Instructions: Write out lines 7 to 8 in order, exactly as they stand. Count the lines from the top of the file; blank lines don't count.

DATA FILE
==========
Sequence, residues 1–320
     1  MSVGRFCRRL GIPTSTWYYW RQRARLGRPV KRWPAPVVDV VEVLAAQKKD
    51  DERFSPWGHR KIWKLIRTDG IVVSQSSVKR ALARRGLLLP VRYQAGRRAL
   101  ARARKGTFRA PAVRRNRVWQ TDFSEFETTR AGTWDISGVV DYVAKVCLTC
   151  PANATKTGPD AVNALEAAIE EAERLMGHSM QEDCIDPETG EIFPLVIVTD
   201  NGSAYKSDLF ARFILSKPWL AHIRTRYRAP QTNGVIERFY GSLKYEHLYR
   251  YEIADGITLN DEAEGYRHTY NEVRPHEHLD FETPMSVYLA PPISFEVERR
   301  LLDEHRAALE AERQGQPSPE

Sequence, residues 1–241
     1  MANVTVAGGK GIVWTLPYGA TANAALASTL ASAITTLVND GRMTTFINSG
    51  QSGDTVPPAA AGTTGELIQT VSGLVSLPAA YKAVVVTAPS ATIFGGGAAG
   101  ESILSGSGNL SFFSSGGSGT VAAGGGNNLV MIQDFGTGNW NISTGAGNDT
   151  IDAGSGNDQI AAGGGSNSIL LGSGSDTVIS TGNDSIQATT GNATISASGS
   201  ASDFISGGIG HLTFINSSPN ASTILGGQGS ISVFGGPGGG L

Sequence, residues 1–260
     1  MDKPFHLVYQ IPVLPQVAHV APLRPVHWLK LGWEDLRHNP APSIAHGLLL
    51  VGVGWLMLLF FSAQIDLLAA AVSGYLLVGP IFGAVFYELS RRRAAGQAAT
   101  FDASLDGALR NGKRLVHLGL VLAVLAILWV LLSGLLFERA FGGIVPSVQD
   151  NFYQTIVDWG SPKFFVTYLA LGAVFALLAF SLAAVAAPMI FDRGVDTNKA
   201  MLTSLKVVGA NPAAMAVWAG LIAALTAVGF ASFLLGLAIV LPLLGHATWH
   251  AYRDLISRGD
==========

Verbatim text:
   251  YEIADGITLN DEAEGYRHTY NEVRPHEHLD FETPMSVYLA PPISFEVERR
   301  LLDEHRAALE AERQGQPSPE